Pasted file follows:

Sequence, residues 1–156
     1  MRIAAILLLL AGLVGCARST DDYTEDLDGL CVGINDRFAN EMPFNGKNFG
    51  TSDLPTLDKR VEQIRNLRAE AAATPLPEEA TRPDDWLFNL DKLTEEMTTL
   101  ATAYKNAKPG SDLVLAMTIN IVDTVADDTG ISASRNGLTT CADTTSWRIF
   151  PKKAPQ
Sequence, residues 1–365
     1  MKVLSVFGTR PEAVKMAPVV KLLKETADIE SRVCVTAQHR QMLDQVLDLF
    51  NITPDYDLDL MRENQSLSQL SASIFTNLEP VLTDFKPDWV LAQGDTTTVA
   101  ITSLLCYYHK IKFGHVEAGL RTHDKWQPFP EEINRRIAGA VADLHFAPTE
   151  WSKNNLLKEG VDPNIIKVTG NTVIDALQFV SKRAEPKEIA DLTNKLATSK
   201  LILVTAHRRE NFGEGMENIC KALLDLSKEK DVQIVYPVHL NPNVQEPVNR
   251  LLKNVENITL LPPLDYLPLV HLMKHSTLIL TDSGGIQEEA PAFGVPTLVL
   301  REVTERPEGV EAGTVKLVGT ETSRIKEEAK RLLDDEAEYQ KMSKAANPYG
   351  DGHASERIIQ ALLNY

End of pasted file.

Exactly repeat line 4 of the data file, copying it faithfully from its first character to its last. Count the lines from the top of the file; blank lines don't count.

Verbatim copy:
   101  ATAYKNAKPG SDLVLAMTIN IVDTVADDTG ISASRNGLTT CADTTSWRIF